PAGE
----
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Clinton Presses Congo on Rape Epidemic
GOMA, DR Congo - Secretary of State Hillary Clinton on Tuesday offered US help to punish perpetrators of soaring sexual violence in the Democratic Republic of Congo as she paid a lightning visit to its war-weary east.
Leaving aside her government jet for a small UN plane, Clinton became the highest ranking US official to tour the desolate lakeside town of Goma to highlight a rape epidemic afflicting tens of thousands of women.
Clinton offered personal comfort to two rape survivors, one of whom was violated when she was eight months pregnant with the fetus ripped out.
Speaking later to reporters as she flew on to Nigeria, Clinton said she felt "overwhelmed" by what she saw.
"It is almost impossible to describe the level of suffering and despair," Clinton said of the region torn by conflict with Hutu militants, some tied to the 1994 genocide in neighbouring Rwanda.
Clinton met with President Joseph Kabila in a tent outside the governor's mansion in Goma for what she described as "a very frank discussion" on sexual violence -- including calling on him to arrest key officers accused of rape.
"We believe there should be no impunity for the sexual and gender-based violence committed by so many, and that there must be arrests, prosecutions and punishments."
Clinton pledged 17 million dollars in new US funding for victims of sexual violence. She said the money would go to hire female police officers sensitive to victims' needs and to provide medical and psychological care for some 10,000 survivors.
"In the face of such evil, people of goodwill everywhere must respond," Clinton said in Goma. "This problem is too big for one country to solve alone."
Clinton also offered the help of the US military's Africa command to advise on how to stop sexual assaults, as well as US legal experts to draw up laws to prevent exploitation of minerals -- a key source of funding for the violence.
Congolese forces, backed by Rwanda, launched an offensive in January to flush out the Hutu militant Democratic Forces for the Liberation of Rwanda (FDLR).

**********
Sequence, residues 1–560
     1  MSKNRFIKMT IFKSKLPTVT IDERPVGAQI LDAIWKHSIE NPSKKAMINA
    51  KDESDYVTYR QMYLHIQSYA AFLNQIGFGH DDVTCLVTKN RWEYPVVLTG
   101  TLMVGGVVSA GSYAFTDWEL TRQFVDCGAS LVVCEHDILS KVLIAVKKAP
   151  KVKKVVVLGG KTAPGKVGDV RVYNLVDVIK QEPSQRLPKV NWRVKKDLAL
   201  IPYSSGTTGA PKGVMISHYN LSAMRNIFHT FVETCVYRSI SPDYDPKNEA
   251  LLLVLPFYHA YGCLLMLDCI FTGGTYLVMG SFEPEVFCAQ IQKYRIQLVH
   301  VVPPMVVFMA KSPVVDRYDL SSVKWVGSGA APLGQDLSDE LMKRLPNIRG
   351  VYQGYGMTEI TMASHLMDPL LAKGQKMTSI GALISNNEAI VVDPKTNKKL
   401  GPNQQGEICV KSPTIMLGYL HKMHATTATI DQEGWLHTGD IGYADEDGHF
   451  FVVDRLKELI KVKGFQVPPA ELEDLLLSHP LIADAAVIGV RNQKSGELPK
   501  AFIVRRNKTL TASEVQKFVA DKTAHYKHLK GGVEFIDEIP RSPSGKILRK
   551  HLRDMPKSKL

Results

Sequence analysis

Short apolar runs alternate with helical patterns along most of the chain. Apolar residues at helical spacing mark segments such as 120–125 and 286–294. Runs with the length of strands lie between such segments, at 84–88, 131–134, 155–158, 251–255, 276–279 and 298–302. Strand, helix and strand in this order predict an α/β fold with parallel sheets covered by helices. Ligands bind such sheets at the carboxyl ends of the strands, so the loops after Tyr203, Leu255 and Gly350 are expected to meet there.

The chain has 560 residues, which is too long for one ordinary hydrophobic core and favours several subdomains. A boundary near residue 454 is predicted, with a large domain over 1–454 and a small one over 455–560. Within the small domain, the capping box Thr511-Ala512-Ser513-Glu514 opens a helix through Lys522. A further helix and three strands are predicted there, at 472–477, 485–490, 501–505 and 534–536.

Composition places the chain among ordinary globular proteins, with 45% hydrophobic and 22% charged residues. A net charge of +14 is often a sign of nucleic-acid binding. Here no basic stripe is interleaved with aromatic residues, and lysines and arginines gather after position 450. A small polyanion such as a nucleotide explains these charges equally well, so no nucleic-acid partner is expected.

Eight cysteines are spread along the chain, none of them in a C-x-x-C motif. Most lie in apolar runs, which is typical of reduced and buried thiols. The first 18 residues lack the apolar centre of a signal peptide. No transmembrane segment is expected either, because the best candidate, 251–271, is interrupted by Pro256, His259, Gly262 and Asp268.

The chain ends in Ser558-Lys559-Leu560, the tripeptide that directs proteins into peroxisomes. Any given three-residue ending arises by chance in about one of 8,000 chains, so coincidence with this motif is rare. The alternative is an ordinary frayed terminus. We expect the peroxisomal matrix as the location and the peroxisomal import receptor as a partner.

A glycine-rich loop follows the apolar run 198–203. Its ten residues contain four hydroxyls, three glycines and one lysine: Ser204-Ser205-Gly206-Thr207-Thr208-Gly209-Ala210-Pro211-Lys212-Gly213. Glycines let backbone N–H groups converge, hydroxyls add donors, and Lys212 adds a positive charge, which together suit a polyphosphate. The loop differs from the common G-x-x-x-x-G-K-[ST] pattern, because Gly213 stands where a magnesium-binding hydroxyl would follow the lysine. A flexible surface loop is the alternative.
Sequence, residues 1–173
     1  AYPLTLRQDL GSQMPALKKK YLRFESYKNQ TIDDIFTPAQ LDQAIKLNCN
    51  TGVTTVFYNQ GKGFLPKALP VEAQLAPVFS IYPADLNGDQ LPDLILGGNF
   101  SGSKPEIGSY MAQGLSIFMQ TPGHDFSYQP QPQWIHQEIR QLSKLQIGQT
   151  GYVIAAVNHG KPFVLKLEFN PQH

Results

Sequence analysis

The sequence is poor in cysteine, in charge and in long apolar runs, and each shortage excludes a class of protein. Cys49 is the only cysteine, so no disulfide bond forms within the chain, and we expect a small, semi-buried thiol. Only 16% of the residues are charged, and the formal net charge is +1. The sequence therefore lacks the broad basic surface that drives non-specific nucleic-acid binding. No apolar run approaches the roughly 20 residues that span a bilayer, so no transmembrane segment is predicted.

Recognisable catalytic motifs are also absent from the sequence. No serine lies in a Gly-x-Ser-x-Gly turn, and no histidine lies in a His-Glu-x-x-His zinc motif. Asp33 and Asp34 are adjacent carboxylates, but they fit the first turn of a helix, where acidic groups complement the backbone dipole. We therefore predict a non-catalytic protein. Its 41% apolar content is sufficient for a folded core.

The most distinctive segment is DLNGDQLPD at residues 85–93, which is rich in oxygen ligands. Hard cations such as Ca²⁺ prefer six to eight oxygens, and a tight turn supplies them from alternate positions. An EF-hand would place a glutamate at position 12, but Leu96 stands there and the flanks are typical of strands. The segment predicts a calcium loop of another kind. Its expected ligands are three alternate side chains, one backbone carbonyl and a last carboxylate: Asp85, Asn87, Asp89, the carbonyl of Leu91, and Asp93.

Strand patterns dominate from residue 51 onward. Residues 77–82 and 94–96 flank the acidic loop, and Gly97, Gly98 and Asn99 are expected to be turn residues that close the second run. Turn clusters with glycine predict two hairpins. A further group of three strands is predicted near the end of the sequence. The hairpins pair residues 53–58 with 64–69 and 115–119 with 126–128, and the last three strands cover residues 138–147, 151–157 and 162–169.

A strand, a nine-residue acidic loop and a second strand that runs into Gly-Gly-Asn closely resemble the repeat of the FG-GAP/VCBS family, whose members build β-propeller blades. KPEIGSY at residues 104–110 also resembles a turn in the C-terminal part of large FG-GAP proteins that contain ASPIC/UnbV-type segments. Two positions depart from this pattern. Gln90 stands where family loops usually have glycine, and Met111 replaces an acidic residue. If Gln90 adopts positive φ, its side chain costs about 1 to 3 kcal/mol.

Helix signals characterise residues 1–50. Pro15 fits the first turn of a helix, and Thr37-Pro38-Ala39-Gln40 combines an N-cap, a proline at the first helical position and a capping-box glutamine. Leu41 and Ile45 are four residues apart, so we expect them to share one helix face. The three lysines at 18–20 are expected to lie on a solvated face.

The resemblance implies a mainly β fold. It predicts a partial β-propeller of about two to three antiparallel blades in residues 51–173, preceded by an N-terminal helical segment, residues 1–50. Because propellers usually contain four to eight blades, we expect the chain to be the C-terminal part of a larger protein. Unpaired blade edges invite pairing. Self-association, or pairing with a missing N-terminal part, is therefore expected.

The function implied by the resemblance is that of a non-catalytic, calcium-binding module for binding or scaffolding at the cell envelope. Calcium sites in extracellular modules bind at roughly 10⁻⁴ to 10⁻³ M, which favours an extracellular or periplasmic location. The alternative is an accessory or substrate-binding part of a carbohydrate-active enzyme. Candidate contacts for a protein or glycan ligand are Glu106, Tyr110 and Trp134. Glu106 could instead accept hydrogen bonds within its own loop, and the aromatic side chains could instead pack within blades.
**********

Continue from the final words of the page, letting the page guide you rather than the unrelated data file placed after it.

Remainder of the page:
Despite her concern about sexual violence, Clinton voiced support for the campaign and called for a regional solution to stabilise the former Zaire, where some 2.5 million people died between 1998 and 2001 in what has been called Africa's first continental war.
"We believe there can be more done to protect civilians while you are trying to kill and capture insurgents," she told reporters after meeting Kabila.
Her motorcade then whisked along one of the town's only paved roads as she headed to a camp for some of the nearly two million people displaced by more than a decade of conflict in the region.
Visiting the Mugunga camp, home to some 20,000 displaced people, the top US diplomat spoke with a 32-year-old mother of six, Chantal Mapemdo, who told her that she and other women were too scared of violence by men to return to lives in the fields.
Staying in the crammed camp with such poor hygiene that diarrhoea is a key threat, Mapemdo has begun an alternative livelihood for women weaving baskets, an initiative Clinton saluted.
Clinton looked at her firmly and said: "I just came back from meeting President Kabila and I told him we want to stop the violence so you can go home."
According to the United Nations, at least 200,000 women have been raped in eastern DR Congo since 1996.
The United Nations says that both militia fighters and troops are responsible for the sexual crimes.
Victoria Akyeampong, the acting representative of the UN High Commissioner for Refugees in DR Congo, said that many fighters operated with virtually no higher command to keep them in line.
"It is not an excuse, but there are unruly troops who have not been paid for months. They decide to pillage what they find and they pillage women and girls as well," Akyeampong said.
Clinton flew back to Kinshasa late Tuesday and later flew to Nigeria, where she will hold broad discussions on building a closer US relationship with the regional power.